3. "My gas isn't better for your car; it's just more expensive."
Oil companies spend lots of money explaining why their gas is better than the competition's. Chevron's gas, for example, is fortified with Techron, and Amoco Ultimate is supposed to save the planet along with your engine. But today, more than ever, one gallon of gas is as good as the next.
True, additives help to clean your engine, but what the companies don't tell you is that all gas has them. Since 1994, the government has required that detergents be added to all gasoline to help prevent fuel injectors from clogging.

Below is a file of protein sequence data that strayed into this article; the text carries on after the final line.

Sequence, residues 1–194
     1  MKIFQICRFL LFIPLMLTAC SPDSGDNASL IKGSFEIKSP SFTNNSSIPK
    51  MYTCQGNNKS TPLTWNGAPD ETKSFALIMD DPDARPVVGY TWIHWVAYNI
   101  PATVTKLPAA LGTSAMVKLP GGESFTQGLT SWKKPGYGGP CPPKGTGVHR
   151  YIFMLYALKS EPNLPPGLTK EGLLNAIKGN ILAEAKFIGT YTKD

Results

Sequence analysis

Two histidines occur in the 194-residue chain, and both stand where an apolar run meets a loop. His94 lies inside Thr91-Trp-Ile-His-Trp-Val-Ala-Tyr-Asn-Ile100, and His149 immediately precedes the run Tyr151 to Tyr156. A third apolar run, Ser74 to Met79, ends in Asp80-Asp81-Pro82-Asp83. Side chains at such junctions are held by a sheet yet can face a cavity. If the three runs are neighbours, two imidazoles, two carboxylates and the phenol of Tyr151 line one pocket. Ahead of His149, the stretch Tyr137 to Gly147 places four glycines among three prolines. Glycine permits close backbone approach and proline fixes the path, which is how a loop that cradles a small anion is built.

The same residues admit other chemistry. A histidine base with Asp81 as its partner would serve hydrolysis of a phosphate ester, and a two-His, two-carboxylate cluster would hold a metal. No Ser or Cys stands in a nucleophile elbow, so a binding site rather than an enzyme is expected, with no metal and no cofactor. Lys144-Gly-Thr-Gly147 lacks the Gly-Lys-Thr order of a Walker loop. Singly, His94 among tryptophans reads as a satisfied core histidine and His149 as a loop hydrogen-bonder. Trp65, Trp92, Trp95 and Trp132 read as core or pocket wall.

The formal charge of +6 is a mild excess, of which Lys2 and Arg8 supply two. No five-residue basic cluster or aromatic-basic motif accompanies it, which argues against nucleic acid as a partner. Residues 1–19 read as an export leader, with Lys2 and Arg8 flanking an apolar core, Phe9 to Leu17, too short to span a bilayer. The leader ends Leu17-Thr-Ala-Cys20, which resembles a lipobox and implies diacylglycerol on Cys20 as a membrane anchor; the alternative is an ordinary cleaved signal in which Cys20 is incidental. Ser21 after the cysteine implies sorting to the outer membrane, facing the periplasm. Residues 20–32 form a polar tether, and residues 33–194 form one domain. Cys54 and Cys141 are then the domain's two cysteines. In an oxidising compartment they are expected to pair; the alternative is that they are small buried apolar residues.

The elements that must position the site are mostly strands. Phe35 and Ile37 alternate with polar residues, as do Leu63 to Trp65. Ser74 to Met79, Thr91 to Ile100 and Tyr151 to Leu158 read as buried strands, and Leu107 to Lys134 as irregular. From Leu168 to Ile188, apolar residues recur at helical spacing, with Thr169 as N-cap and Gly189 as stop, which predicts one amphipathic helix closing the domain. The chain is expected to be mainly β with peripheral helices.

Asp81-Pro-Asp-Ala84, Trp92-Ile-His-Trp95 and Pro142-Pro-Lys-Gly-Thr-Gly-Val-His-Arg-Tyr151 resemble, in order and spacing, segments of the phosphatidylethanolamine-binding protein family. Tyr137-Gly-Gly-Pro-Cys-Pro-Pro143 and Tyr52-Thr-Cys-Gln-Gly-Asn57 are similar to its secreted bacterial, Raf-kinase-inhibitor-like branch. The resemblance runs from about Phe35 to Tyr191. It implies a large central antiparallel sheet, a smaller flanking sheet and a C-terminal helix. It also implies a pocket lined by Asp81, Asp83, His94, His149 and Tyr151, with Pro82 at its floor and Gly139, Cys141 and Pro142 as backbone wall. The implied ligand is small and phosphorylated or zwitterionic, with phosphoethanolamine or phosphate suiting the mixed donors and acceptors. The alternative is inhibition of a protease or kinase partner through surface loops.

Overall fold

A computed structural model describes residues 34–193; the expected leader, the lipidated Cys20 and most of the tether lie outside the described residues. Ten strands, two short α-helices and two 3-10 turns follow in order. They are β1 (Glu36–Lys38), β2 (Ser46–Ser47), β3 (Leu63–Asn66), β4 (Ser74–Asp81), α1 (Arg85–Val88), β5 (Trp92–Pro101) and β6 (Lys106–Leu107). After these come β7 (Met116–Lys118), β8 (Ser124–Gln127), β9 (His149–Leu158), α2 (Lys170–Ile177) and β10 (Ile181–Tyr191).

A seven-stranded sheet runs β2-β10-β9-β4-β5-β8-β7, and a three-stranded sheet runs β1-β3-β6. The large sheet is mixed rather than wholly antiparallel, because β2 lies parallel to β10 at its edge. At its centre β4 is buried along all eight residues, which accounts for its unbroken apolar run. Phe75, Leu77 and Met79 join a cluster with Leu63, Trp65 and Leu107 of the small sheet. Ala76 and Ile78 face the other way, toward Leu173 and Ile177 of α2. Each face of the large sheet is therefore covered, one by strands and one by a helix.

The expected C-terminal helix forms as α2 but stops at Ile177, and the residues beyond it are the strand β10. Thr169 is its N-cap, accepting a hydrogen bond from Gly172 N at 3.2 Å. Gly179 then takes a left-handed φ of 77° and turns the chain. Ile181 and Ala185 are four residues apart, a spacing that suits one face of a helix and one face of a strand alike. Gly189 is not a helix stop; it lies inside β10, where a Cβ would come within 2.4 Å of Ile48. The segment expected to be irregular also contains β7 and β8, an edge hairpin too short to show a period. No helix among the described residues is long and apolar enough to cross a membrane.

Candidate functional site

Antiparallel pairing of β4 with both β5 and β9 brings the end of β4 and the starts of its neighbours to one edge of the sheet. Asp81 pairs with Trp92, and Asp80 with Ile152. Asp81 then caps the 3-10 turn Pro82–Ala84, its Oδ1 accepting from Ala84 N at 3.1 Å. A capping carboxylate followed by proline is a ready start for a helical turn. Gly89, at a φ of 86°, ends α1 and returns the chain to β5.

State and local regulators keep a close watch to make sure those standards are met; a 2005 study indicated that Florida inspectors checked 45,000 samples to ensure the state's gas supply was up to snuff, and 99% of the time it was.
"There's little difference between brand-name gas and any other," AAA spokesman Geoff Sundstrom says.
What's more, your local Chevron station may sell gas refined by Shell or Exxon Mobil. Suppliers share pipelines, so they all use the same fuel. And the difference between the most expensive brand-name gas and the lowliest gallon of no-brand fuel? Often just a quart of detergent added to an 8,000-gallon tanker truck.